Burger King owner says operator in Russia refuses to shut shops

Parent company RBI cannot do it directly because of complicated legal contract with main partner

The owner of Burger King has said the operator of its 800 stores in Russia has “refused” to close them, despite its demand to suspend trading after the invasion of Ukraine.

Last week, Burger King, which is owned by Restaurant Brands International (RBI), said it had suspended all supply chain, operational and marketing support for the Russian operation.

RBI has been unable to close the operations directly, as rivals such as McDonald’s have done, because of a complicated legal contract with its main franchisee partner, Alexander Kolobov, with whom it has run the joint venture in Russia for a decade.

“We contacted the main operator of the business and demanded the suspension of Burger King restaurant operations in Russia,” David Shear, the president of RBI, said in a statement and letter to staff. “He has refused to do so. Would we like to suspend all Burger King operations immediately in Russia? Yes. Are we able to enforce a suspension of operations today? No.”

Burger King is one of a number of western companies, including Marks & Spencer and the hotel groups Marriott and Accor, that are prevented by complex franchise deals from withdrawing.

RBI said it is attempting to sell its 15% stake in the Russian operation. Shear said any profits from the business, and its ownership stake, have been redirected to the United Nations’ refugee agency.

“There are no legal clauses that allow us to unilaterally change the contract or allow any one of the partners to simply walk away or overturn the entire agreement,” he said. “No serious investor in any industry in the world would agree to a long-term business relationship with flimsy termination clauses. This is exactly why we say it’s a complicated legal process.”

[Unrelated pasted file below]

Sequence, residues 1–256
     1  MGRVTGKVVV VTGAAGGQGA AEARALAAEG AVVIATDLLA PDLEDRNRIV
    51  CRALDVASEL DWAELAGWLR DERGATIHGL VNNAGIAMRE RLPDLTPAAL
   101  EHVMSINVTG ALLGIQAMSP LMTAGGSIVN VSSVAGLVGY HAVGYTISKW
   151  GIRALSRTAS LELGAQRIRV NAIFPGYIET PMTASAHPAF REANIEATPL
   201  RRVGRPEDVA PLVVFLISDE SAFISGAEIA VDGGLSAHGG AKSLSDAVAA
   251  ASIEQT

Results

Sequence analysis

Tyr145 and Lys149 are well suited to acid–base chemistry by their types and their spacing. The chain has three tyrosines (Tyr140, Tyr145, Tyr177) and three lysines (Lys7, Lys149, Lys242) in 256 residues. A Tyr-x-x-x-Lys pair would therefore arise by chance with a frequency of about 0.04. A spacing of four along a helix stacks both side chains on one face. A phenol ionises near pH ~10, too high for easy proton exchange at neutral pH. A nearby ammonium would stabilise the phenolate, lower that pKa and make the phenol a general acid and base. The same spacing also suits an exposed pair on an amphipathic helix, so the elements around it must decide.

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Burger King’s main franchisee in Russia is Kolobov – the main day-to-day operator of the business – but other partners include Investment Capital Ukraine and VTB Capital, part of the state-owned VTB Bank, Russia’s second-largest bank, which has been subjected to western sanctions.

Shears said any attempt to try to force termination now would require the support of the Russian authorities.

“We know that will not practically happen any time soon,” he said. “This is also why you may see other brands in Russia with similar structures continue to operate in the market.”

M&S stores are operated by a Turkish company called FiBA, which has held the rights to sell the retailer’s products across eastern Europe since 1999. M&S has suspended all shipments of goods to FiBA, which operates 48 stores in Russia.


Mark Sweney

The GuardianTramp

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